Project your welcome too! Much of what was said in number 5 applies to what you project on your worship screens as well. Add lots of space between what’s written, and remember certain fonts are better than others, while keeping your font-size readable. It’s easy enough to add more slides. When it comes to your screen projection, pay attention to color contrasts also. Of course, if you have announcements on your slides, try your best to have those same announcements represented in other places as well. Above all make it a point to encourage speakers and worship leaders to describe what’s on the slide as they’re presenting at any opportunity.
Caption this! Add captions and transcripts when and where you can. This one can be controversial because of the costs involved. Many churches are on a limited budget and most churches don’t have captionists or transcription experts on staff (or even in the congregation for that matter). Consider this: when something is spoken, whether on a video or in your church service, there’s probably someone present who can’t hear it. Captioning and transcription helps everyone, not just people with disabilities access and appreciate the information. There are some very quick and easy captioning services. Rev.com is a great and quick resource. While sites like Rev may be considered reasonable in the everyday captioning world, captioning is still not cheap (think a dollar a minute on a minimum). Online services can take your sermon or your church video (with a link or uploaded file) and have it captioned or transcribed literally in a few hours. Captions take your videos and services to another level and everyone can benefit.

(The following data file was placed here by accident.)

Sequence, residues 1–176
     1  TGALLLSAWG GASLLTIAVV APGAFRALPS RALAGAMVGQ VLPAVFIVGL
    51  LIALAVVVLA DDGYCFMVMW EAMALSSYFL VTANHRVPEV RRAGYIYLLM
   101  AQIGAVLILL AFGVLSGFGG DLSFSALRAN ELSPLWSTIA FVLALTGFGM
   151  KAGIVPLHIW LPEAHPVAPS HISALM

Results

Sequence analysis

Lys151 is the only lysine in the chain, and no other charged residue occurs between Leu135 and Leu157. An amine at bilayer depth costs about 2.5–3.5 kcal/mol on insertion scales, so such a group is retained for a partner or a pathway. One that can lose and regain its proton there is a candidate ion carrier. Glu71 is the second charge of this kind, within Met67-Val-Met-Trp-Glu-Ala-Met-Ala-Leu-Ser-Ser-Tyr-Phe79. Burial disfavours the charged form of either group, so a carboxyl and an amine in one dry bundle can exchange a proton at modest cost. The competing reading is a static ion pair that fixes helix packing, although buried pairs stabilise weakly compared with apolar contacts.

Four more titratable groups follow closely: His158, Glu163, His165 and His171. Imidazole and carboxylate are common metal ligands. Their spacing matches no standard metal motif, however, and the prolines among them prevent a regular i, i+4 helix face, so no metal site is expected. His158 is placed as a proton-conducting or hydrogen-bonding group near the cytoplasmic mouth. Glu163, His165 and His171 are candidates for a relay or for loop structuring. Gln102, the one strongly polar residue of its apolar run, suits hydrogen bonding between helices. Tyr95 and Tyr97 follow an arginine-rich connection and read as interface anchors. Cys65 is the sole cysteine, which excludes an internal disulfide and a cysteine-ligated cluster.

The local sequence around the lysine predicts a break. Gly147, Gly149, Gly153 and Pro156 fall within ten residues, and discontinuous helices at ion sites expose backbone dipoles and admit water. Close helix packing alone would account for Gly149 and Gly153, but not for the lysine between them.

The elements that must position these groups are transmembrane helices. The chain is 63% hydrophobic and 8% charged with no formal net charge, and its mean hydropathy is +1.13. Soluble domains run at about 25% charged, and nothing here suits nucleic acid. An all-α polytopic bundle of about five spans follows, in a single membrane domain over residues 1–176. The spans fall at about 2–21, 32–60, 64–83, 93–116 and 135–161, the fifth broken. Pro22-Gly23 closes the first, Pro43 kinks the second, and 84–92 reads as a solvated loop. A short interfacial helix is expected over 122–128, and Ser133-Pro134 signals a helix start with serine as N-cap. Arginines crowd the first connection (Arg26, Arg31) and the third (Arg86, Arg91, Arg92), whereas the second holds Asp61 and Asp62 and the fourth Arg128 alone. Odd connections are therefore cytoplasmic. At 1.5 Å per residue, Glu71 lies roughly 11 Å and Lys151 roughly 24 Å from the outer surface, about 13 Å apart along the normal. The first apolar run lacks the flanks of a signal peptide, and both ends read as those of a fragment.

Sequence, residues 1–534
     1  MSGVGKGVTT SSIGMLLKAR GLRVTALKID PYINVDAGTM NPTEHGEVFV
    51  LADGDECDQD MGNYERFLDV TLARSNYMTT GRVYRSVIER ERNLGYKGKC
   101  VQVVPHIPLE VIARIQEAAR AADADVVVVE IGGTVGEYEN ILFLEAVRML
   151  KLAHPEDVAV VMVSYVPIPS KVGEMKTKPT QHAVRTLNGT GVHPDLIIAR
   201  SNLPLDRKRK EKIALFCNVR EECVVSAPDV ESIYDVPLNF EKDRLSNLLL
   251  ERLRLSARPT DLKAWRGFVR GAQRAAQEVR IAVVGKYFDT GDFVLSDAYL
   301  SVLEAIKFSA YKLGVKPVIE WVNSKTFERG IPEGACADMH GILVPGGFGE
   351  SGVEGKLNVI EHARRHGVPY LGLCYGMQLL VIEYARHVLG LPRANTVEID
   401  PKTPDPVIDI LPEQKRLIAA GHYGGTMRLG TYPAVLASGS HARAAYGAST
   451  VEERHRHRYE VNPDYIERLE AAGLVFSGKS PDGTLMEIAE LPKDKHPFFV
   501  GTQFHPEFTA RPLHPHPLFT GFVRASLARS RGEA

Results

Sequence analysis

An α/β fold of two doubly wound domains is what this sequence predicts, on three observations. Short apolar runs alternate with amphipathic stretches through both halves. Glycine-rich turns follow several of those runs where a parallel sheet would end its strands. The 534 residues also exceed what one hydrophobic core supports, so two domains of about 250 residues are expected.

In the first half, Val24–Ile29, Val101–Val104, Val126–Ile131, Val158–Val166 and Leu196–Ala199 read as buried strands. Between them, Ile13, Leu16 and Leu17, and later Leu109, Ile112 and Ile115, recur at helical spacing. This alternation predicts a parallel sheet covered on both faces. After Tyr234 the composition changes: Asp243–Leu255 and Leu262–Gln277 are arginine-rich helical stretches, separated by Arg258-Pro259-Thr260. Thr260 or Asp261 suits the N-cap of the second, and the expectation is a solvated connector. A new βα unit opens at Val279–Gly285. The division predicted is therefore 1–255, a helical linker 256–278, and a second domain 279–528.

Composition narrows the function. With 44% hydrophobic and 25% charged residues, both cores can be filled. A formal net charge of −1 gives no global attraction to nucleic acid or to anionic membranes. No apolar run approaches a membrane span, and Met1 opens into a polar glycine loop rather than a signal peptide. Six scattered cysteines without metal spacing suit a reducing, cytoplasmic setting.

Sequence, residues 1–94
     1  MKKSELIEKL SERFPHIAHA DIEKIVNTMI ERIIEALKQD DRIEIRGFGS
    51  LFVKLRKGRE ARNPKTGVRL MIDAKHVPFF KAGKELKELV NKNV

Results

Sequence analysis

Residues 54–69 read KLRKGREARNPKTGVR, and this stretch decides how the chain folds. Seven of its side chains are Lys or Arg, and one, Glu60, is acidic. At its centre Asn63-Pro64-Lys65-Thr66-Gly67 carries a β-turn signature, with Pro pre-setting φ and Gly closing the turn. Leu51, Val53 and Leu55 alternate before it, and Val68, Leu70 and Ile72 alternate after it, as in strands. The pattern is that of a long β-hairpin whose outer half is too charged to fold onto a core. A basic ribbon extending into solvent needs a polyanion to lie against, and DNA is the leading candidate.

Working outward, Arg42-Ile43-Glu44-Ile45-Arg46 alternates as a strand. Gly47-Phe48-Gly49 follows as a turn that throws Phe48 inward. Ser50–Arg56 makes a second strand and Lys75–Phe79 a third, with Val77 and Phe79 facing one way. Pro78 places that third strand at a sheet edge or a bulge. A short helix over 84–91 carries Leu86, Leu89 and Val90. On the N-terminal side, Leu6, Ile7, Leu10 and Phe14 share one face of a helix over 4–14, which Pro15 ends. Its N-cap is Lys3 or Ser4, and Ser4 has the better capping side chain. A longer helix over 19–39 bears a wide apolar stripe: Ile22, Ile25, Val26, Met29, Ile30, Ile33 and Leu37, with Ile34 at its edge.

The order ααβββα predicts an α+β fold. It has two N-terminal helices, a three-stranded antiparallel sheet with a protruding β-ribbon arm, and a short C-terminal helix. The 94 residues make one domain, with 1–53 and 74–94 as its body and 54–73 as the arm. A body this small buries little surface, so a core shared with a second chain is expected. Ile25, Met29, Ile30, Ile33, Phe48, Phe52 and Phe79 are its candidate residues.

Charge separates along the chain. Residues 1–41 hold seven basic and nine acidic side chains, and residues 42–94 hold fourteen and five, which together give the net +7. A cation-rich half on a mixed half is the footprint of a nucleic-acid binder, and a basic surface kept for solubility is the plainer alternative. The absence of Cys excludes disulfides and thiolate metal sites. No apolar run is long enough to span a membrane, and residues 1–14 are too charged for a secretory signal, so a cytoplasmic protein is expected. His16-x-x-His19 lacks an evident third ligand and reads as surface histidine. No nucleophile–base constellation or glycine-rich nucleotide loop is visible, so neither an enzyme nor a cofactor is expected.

Untangle your web. Church websites are becoming increasingly valuable, helpful resources, but many church websites are still not accessible to people with a variety of disabilities– especially those with visual impairments or blindness. Ask your church web designer to add an accessibility checker widget to your website. Some enhancements are really quite simple. If you add photos to your website, go in and add a photo description and “alt-tags”. If you upload a PDF, be sure it’s an accessible PDF. Otherwise, a blind person using a screen reader to surf your website will only see a random “image” message rather than the words you intend for them to read. Also, fancy flashing photos and moving web pages are often inaccessible. Some such effects can even cause seizures. If you have videos or audio on your website it’s always best to caption them. Ask yourself this: Is your website meant to be entertaining or informational? Don’t sacrifice the message for fancy features. You can have a classy, clean or fun site without sacrificing accessibility. It’s about making everyone feel more welcome and letting them know you took the time to make a difference just for them.